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Analysing effects of online education through psychological lens

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With the waves of Coronavirus that hit the country, India has become one amongst the most affected nations in the world. It has elicited a rather irrecoverable impact on the Indian economy and geo-political climate. But, what about the education system?

Digital Divide

The widening gap between a section of the society that has access to tools, devices or any basic infrastructure to gain online education with other resources and those who do not, is known as the ‘digital divide.’ While social issues such as inequality and deprivation of facilities aren’t new to society, the pandemic has worsened the degree of the aforementioned problems. Mint, an online news portal in a report, claimed that 80% of the students in India were unable to access online education during lockdown (Bloomberg, 2020). The Indian Express in an article reported that according to UNICEF, only 24% of urban Indian households have internet facilities (Press Trust of India, 2020). It is not surprising that a large section of the Indian demography are the ‘have nots,’ and are technologically challenged. The catch lies in the fact that India has over 1.5 billion students (Jayagopal, P. et.al, 2020). This makes only 360 million students – online learners. The rest – one billion plus, are those, skipping an entire year of academic progression since the beginning of the pandemic; the digital divide is a crucial issue.

National Sample Survey Organisation (NSSO) contends that rural children who were out of school just before the pandemic, were from socially disadvantaged sections, making economic barriers an unavoidable factor. Electricity, which is the power source for WiFi, laptops and smartphones, is only available in 47% of Indian households for 12 plus hours, according to a 2017-18 survey conducted by The Ministry of Rural Development. The supply of electricity as well as implementation of smart learning through smart boards in Indian schools is also irregular (Modi & Postaria. 2020). The implementations of different government schemes that could bridge the digital divide have proved to be minimally effective, adding onto the growing gap. The history of social exclusion for certain classes, prejudice and discrimination on the basis of gender and caste are suggestible factors, making the poor, even deprived, and in turn, increasing the educational disparity in the wake of the virus. Educational psychology helps us understand the impacts of this digital divide on the learning process of the students, especially those who are on the wrong side of the boat. Therefore, fathoming the aforementioned possible causes of digital divide becomes vital to act prosocial and judge the phenomenon through a psychological perspective.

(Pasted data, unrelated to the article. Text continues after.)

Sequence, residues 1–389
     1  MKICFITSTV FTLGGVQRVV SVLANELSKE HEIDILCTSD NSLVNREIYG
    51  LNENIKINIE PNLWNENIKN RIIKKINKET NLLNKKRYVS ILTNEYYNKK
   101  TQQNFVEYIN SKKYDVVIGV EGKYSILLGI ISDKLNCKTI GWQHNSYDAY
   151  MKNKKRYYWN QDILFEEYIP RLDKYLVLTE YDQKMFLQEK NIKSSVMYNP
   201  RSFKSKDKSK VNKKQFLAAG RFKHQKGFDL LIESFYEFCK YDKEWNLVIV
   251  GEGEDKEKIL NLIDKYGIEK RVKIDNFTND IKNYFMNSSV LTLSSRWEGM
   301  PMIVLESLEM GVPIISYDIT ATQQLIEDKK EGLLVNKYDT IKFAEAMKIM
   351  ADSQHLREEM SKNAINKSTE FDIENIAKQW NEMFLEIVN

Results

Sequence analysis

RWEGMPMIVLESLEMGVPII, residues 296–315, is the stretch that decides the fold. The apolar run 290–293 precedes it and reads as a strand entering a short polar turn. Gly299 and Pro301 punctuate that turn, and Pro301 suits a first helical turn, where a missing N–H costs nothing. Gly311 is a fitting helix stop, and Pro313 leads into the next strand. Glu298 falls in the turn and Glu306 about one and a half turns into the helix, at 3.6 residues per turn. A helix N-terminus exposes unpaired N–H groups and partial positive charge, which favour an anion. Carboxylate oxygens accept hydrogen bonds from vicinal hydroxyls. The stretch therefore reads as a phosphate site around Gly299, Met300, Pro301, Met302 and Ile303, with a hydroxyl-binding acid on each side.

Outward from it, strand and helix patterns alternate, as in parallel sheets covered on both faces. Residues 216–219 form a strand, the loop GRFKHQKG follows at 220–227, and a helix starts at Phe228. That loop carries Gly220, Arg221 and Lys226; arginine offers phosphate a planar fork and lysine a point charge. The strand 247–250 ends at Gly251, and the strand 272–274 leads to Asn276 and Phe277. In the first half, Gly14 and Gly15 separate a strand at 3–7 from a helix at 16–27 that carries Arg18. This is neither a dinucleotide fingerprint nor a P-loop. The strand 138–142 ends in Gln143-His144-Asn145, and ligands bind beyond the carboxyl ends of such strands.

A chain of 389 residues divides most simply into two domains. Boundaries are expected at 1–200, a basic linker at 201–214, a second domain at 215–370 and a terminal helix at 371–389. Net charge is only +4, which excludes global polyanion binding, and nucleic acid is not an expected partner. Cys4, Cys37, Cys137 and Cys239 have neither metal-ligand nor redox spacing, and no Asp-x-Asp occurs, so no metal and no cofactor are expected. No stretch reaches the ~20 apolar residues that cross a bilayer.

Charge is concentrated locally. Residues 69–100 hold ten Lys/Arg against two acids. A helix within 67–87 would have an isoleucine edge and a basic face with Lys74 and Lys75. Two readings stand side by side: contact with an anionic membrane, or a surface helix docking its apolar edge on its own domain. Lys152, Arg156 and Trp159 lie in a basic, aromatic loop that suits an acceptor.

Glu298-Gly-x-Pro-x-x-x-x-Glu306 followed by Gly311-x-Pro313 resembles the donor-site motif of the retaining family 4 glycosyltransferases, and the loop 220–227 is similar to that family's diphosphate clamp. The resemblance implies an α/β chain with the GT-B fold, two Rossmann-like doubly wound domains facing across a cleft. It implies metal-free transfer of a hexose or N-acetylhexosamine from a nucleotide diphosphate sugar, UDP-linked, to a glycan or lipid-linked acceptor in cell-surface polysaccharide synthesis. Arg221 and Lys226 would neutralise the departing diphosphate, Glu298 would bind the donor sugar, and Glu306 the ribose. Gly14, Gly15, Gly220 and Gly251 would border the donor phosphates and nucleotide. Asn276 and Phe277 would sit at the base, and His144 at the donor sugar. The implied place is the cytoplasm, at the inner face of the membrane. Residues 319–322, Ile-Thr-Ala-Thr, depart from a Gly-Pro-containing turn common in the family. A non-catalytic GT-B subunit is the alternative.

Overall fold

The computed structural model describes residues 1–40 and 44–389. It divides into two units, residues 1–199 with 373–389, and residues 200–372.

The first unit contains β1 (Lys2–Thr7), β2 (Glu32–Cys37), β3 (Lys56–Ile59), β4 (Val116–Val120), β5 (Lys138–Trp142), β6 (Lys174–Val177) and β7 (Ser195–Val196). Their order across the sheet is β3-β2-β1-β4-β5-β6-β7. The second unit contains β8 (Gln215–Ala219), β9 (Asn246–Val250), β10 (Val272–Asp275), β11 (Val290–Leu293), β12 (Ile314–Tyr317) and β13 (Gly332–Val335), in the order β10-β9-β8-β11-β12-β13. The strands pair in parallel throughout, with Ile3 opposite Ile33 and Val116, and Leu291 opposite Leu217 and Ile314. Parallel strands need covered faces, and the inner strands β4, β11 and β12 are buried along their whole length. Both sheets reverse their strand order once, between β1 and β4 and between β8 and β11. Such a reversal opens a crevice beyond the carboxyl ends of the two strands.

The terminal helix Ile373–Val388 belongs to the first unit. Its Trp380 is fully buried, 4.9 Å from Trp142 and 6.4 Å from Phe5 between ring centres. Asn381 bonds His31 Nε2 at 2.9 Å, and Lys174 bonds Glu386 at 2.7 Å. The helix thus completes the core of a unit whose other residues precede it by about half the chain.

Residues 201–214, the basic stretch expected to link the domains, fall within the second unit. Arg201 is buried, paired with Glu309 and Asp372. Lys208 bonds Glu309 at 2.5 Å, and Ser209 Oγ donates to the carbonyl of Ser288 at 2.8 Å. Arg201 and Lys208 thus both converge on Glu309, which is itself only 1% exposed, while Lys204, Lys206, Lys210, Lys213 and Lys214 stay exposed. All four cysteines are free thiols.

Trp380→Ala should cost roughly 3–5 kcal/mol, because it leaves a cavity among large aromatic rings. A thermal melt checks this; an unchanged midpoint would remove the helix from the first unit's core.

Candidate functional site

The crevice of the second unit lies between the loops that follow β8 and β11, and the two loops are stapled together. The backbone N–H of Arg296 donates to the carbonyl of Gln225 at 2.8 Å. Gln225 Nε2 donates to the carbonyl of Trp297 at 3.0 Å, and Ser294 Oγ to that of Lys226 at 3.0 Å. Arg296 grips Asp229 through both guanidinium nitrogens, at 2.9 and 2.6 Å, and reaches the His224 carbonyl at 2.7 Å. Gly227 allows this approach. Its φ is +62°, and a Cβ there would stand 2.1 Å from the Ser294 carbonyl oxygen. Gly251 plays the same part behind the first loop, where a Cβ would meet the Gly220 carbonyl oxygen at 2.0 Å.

Online education: Pothole in the divide

When UNICEF took intensive surveys across 6 states, it was found that due to poor mental health and absence of means to e-learning, students are unable to grasp the teachings from lecturers (Sarkar, K. 2021). The digital divide doesn’t only put the destitute, like backward classes and tribal communities on a back foot, but also adversely affects those who do have access to the same.

The black in the white

Due to lack of motivation caused by mental fatigue and the distress elicited by multitasking, students are found on the downside. The issue worsens in the case of online education for pre-primary and nursery children, with demanding tasks of handling their temperament through a mere screen. Establishment of low or no rapport with the teachers induces confusion and disinterest. A psychiatrist and founder of Live Life Education, Dr Kannan Gireesh explained, “they are facing health problems like eye strain, headaches and body fatigue from seeing the screen for a long time,” in an article (Nandy, S. 2020).